The president of Brazil, the extreme right Jair Bolsonaro, insisted this Thursday on linking the fires that advance in the Amazon and the Pantanal with the way of life of the indigenous population of the country.
“There is a regional culture. It is the Indian who sets fire to the harvest; he is the ‘caboclo’ (mestizo in white with indigenous), the small producer, “the president listed in his traditional broadcast on Thursdays through his social networks.
Bolsonaro, Captain of the Army Reserve, In this way he returned to defend himself from criticism from civil society and some European countries, who accuse their Government of not taking sufficient measures in the face of the fires unleashed in the Amazon and the Pantanal.
The head of state already spoke in the same vein during his speech last Tuesday in the debates of the United Nations General Assembly.
On that occasion he said that hethe sources of fires occur “practically, in the same places, in the eastern environment of the forest, where the ‘caboclo’ and the Indian burn “during the harvest” in search of their survival, in already deforested areas.
He also recalled today that “14% of the Brazilian territory” are protected indigenous reserves, a percentage, in his opinion, high for just “one million indigenous people” who live in the country.
Bolsonaro, leader of the Brazilian extreme right, affirmed again that Brazil is the country that “most preserves” the environment and denounced that he is the victim of a “criminal attack” and a campaign of “absurd disinformation” about his environmental management.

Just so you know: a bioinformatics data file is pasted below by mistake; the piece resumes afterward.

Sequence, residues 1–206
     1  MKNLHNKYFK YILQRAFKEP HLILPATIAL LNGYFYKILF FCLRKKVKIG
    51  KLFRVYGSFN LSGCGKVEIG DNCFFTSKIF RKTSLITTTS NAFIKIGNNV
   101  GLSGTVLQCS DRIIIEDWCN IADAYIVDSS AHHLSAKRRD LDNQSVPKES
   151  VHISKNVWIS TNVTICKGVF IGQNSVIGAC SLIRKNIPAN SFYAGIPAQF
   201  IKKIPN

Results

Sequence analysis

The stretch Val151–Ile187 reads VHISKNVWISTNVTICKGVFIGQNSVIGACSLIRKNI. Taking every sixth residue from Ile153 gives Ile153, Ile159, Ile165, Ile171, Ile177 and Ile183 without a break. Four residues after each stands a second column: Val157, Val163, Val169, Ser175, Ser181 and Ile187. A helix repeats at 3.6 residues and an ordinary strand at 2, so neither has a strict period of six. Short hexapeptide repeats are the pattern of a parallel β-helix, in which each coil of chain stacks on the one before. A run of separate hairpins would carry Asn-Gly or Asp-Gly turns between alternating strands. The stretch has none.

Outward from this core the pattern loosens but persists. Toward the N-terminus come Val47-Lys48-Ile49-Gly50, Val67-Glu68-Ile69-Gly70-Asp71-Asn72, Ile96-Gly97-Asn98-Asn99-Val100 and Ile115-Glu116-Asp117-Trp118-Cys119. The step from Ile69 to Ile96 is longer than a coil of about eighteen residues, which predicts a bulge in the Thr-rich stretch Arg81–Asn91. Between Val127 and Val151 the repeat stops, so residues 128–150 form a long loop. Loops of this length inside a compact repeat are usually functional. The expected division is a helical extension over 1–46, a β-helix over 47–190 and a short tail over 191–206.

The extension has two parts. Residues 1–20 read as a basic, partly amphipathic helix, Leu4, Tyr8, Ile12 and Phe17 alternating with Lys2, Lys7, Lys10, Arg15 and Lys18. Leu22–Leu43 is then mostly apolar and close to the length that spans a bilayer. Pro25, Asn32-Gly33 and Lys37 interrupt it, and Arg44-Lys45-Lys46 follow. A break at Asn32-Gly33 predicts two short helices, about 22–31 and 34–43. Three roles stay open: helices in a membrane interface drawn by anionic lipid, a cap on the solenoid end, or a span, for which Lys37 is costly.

“It is an economic game. We have raw materials, we produce in the fields,” he added, later rejecting the label of “environmental terrorists.”
At his side was the Minister of the Environment, Ricardo Salles, who stated that “agriculture is the great defender” of nature and he asserted that it is a “great lie that the Amazon is being devastated.” However, the data points in the opposite direction.
In 2019, Bolsonaro’s first year in power, deforestation in the largest tropical forest on the planet jumped 85%, while fires increased 30% to close to 90,000.
In the first eight months of this year, deforestation fell a slight 4.94%, but it still remains at alarming levels that reach a total of 6,099 square kilometers of vegetation cover, according to alerts issued by satellites.
Regarding the fires in the Amazon, in June and July, in the middle of the dry season, jumped 19.6% and 28% compared to the same months of 2019, respectively, while in August they fell a slight 5%, although during one day of that month no data was recorded due to the failure of a satellite.
For its part, the Pantanal, the largest wetland on the planet that Brazil shares with Bolivia and Paraguay, is suffering the worst fires in recent decades.
According to the most recent official data, so far in September 6,048 fires have been reported in that ecosystem, which means the highest number of fires for a month since data began to be collected in 1998.